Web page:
In my mind I saw all the negative side effects of taking insulin, and I was downright frightened by the mental video. I immediately started checking my glucose 4 times a day in earnest and keeping a daily log of food, activities, ailments and meds. 3 months later my A1c was 5.8 and another 3 months down the road saw my A1c drop to a very normal 5.4. I still maintain my glucose checks (2-4x daily) and my daily log. Without trying, I lost 20 lbs during those 6 months just by seeing what foods elevated my glucose and eliminating or decreasing my consumption of those culprit foods. Whenever I crave a pasta entree on a menu, I think about having to see an extremely elevated glucose reading in only 2 hours after eating it, and I change my order. I don’t like seeing glucose readings over 140 after meals.

  3. Lyn
    Puget Sound, WA

    Mindfulness is the new psychobabble, unlike the 1980’s with “I’m OK You’re OK.” Drs. are touting this method as the silver bullet to get rid of pain, addiction, and a host of other things.

    Not everyone is the same, and many of us don’t have problems that can be solved by a collective mindfulness practice. In fact, many of us truly suffer from organic pain, some from addiction, that is treatable only through in-patient substance abuse training, as well as life-long assistance from group discussions regarding a specific addiction, or re-entering a treatment facility. There is no easy fix, and practicing mindfulness has been a big zero in my world. Meditation, yes, mindfulness, no.

  4. heather

    It was interesting to hear Joe and Terry describe how they feel physically when they are craving something. When I am craving chocolate I feel a “lacking,” like something is missing. When I then eat chocolate, my body feels complete. Other listeners?

  5. Dhanyavah

    The moderator shared that his mind was going to and fro attempting meditation. Students come to me and say the same including “I can’t meditate.” When they tell me their mind is going to and fro I say “you are meditating.” Meditation is an exercise of mindfulness. ‘Seeing’ your mind go to and fro is awareness. The mind cannot be forced into stillness. It can only be TAMED by observing its to and fro and mindfully letting go. Let thoughts go by without clinging, like waves passing by, like a river’s flo. Allow the thought to come and go. In time the mind calms.

    No master will ever teach that stillness means “without thoughts.” That’s silly.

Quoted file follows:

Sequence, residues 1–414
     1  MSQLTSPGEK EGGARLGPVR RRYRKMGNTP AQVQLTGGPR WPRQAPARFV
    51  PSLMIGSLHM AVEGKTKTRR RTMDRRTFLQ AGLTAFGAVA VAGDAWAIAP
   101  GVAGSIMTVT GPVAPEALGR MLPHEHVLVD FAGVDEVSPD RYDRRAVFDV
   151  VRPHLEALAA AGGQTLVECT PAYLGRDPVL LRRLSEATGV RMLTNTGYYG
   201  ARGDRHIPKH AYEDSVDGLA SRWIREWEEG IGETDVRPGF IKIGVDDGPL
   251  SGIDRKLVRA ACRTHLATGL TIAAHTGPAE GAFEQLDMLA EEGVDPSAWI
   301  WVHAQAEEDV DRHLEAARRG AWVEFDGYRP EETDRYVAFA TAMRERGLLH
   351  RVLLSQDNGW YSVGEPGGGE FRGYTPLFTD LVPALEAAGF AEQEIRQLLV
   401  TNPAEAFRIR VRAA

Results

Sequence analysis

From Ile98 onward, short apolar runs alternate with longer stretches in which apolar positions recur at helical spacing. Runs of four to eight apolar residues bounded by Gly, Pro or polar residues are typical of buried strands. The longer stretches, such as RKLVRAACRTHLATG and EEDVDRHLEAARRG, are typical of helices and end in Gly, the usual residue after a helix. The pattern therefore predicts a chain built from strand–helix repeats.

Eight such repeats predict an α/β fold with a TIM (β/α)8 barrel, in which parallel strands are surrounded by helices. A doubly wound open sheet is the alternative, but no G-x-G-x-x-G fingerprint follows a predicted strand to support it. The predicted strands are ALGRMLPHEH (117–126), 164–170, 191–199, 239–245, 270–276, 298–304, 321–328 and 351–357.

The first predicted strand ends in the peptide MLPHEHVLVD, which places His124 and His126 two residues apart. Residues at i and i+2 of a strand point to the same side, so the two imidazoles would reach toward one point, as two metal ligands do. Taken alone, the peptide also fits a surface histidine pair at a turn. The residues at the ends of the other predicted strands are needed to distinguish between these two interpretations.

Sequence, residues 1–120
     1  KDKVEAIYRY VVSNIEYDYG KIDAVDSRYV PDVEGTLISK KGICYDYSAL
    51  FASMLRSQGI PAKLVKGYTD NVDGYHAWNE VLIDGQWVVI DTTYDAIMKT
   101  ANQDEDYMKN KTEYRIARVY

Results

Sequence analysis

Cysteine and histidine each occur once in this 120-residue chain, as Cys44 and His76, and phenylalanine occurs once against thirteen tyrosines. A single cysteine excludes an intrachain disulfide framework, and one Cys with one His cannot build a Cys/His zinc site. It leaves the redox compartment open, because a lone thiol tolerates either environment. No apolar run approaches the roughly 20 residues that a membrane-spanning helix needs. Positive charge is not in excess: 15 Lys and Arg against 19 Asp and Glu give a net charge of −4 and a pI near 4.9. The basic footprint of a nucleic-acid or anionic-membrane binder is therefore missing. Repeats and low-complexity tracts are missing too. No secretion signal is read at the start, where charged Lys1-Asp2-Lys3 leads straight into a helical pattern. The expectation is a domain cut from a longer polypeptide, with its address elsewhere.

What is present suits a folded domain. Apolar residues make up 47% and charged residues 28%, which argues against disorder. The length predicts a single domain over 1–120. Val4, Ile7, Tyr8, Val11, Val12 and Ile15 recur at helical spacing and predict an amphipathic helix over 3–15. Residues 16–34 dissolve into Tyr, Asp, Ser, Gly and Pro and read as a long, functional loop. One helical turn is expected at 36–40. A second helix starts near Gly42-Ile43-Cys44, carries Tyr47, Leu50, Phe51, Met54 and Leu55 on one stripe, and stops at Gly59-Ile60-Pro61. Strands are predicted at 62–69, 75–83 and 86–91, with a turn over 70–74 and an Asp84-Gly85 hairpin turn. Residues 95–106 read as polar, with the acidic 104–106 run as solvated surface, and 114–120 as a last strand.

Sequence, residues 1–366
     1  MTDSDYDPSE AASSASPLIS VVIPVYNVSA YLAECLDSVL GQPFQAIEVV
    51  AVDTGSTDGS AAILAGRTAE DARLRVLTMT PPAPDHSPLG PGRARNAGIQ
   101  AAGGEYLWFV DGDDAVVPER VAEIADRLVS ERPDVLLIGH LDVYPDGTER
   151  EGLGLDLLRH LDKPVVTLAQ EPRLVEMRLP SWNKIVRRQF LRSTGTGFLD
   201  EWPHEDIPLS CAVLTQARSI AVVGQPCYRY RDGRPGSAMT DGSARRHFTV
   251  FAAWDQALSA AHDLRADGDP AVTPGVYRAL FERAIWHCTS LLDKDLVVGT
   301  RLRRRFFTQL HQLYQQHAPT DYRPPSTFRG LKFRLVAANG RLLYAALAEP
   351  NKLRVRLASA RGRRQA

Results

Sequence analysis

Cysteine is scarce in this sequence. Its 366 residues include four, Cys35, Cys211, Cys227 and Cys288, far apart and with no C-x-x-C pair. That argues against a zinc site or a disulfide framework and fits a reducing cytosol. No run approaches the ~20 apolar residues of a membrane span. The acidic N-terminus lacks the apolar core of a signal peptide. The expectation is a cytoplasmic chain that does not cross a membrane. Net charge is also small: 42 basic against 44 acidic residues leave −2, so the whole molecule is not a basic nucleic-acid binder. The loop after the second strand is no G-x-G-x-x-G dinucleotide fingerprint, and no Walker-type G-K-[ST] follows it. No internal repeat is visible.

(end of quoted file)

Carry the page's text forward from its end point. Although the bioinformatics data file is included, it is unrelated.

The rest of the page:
However, we can become more and more PRESENT through mindfulness. Imagine a lake during a storm. Muddy, wavy. Slowly the lake settles into clarity after a while. But there is always movement.
    We can all learn gently to be more and more present through exercising mindfulness. For a day, simply observe every texture as you take each bite of food. Or be aware of every instance when you go through a doorway for a day. These are meditative exercises of mindfulness to be more aware and present.

    Always remember that the mind is like a wild monkey. You can only tame it effectively. Forcing it into stillness is not natural and is a time bomb.

  6. Terry

    My radio is my alarm in the morning, and today I woke up hearing this show. ALL of it pertains to me! I JUMPED out of bed and ran to my computer to look it all up. I will be studying deeper, be sure of that.
    Thanks for a good show.

  7. Vivian

    Fear of falling is common among older people. Can mindfulness or hypnosis help to alleviate it?

    • Dhanyavah

      Dear Vivian, yes to your question. When the person learns to walk ‘staying present’ and relaxed, not rushing forward in movement or thoughts, chances of falling are reduced tremendously. Furthermore, the person should eliminate all walks in darkness (like going to bathroom at night.) Always put on a light and wait a second while sitting on side of bed. Also the person has to learn not to step ‘backwards’. Many times we forget possible mini-objects we could step on and lose balance. It is OK to take time and walk relaxed from point A to B.

      Many times the older person’s mind is younger than the eyes’ coordination and feet. So relax, and move forward not fearfully but PRESENT. Falls usually happen when the mind rushes forward.